Emigration from Paradise: Home, Fate, and Nation in Post-World War I Jewish Hungary

Research project by Dr. Ilse Josepha Lazaroms

In the history of East Central Europe, few peoples have declared themselves as much at home within their homeland as the Jews of Hungary. A large and thriving community during the nineteenth and twentieth centuries, Hungarian Jews have often been described as fervent patriots. Seemingly, none of the upheavals that occurred during their modern history could sway their loyalty. Even after the Holocaust, which led to an abrupt and gruesome turnaround in the fate of this community and the deaths of more than 565,000 people, for many Hungarian Jews the sense of being rooted in the Hungarian national culture remained.

This book is born out of a desire to better understand the strong sense of belonging of this particular group of East Central European Jews. It understands Jewish ties to Hungary in terms of divergent configurations of loyalty, as well as expressions of private and communal identity. Through an analysis of the concepts of home (an identification with the traditions, history, and culture of a country, leading to a deep sense of belonging), fate (the idea that Jewish belonging had an almost natural, historical quality to it), and nation (the postwar nation state built on ethnic delineations), it asks how Jews continued to claim loyalty to a nation state that was increasingly set on excluding them. While the focal point of this book is the immediate postwar period (1918–1923), one of its premises is that without including the prewar decades (1880s until 1918), this story cannot be told. Arguing for a long duration perspective on postwar Jewish Hungary, it takes an intersectional, cross-generational and biographical approach to source materials ranging from ego-documents (letters, testimonies, memoirs), discursive sources (the press), and institutional records.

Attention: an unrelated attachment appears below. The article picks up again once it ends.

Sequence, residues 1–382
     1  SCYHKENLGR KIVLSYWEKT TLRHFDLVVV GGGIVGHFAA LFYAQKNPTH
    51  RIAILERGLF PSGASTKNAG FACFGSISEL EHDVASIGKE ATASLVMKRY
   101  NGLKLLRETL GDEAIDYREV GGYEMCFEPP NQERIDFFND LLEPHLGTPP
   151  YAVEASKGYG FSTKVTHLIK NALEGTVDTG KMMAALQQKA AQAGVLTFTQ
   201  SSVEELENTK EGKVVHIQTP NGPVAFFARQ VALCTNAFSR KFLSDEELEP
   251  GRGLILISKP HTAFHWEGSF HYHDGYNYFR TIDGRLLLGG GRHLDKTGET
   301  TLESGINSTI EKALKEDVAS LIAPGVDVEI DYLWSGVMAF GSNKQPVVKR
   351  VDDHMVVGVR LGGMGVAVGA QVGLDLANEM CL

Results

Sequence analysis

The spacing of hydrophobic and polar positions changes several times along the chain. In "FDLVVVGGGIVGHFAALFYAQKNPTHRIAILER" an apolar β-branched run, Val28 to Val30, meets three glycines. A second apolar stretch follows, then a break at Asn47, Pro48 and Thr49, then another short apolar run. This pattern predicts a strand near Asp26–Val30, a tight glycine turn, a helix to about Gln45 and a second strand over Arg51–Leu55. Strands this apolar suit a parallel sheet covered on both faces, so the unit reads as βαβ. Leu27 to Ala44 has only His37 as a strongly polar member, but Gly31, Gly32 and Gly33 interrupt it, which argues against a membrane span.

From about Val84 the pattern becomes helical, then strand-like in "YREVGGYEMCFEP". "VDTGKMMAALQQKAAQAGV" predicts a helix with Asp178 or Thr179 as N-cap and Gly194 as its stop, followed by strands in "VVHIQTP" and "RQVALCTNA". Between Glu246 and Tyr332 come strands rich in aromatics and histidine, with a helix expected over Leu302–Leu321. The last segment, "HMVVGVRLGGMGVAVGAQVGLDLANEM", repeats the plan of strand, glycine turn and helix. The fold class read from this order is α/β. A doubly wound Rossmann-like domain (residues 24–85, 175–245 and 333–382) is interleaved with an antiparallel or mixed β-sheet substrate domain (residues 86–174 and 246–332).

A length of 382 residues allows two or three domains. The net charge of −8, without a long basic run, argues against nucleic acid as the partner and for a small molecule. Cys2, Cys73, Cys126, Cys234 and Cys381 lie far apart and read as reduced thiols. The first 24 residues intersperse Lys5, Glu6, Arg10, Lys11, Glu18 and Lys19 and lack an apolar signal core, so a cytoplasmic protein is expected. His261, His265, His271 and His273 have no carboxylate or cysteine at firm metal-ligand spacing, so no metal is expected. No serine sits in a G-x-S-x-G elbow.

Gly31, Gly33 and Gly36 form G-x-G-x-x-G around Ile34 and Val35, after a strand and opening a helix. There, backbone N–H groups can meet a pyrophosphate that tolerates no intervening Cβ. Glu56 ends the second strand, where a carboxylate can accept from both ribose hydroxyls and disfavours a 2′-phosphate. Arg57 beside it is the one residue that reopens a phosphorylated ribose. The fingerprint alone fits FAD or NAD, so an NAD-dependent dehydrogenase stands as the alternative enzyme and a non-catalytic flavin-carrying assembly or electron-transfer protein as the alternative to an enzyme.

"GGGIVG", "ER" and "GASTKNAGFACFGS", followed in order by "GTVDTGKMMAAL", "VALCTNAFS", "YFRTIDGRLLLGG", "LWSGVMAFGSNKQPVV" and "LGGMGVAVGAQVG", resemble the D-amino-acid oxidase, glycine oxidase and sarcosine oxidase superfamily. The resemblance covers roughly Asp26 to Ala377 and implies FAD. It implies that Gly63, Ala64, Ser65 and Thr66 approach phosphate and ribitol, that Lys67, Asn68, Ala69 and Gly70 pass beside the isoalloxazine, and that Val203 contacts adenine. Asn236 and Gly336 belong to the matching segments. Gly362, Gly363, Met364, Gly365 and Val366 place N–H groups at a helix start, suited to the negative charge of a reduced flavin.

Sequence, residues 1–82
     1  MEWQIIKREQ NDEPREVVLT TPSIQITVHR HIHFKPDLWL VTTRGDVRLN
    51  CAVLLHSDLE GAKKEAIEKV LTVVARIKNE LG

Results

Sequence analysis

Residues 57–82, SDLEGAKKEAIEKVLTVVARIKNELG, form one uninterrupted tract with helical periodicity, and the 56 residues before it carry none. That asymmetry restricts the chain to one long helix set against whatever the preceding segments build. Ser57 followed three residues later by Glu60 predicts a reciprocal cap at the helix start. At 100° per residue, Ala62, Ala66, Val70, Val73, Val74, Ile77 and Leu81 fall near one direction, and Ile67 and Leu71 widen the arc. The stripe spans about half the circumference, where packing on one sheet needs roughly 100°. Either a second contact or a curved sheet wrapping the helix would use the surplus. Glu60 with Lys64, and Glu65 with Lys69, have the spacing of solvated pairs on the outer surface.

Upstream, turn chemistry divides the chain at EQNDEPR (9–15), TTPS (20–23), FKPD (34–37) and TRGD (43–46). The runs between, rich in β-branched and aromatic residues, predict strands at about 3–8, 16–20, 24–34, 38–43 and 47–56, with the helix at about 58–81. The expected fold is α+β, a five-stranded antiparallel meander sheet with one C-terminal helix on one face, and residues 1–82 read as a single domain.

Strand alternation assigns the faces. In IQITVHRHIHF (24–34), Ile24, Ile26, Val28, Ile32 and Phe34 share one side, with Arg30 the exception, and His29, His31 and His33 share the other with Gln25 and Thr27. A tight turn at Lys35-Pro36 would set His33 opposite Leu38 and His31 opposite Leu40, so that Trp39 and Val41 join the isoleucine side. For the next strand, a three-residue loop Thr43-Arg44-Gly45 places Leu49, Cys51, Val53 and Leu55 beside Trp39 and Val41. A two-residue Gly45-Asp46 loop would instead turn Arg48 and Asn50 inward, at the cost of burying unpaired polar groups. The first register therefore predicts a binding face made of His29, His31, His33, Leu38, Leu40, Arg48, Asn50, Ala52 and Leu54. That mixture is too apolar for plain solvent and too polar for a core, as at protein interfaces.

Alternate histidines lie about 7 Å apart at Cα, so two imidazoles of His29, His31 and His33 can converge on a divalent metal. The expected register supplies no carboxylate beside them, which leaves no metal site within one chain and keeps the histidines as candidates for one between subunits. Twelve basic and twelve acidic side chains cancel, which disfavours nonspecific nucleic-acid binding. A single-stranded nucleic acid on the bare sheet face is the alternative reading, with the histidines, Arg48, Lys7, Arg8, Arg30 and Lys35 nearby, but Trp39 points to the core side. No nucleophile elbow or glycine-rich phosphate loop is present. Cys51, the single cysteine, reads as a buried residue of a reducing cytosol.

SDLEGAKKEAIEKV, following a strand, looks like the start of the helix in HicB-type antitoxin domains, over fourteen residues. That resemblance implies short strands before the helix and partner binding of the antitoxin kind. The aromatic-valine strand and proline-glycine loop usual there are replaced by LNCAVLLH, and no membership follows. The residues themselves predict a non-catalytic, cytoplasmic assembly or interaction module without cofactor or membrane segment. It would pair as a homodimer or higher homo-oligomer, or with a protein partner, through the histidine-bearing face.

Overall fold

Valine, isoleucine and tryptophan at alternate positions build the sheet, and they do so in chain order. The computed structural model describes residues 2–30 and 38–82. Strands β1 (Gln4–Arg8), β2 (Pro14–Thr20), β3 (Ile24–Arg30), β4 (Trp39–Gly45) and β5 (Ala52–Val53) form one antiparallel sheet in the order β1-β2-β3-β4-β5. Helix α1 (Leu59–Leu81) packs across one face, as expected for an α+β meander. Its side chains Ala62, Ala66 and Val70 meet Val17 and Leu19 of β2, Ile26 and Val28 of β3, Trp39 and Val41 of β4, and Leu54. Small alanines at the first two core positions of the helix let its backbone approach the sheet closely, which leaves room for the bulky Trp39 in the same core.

Emigration from Paradise addresses vital questions about the nature of the categories of home, belonging, fate, identity, emigration, nation, and nationalism, and the meanings that these categories had not just for Hungarian Jews or the Jews of Europe, but for East Central Europe and for modern European history in general. It paves the way for a more integral and comparative view on modern Hungarian history and the region; it takes an original approach to a much-debated historical moment (1918); and opens up an entire array of historical actors, whose voices have not yet been adequately understood. In all these cases, it brings the domain of the private into the world of politics, migrations, and nation states. Last but not least, its story is set at the point at which European civilization plunged into the depths of darkness, from which it has, even in the most optimistic assessment, not yet recovered.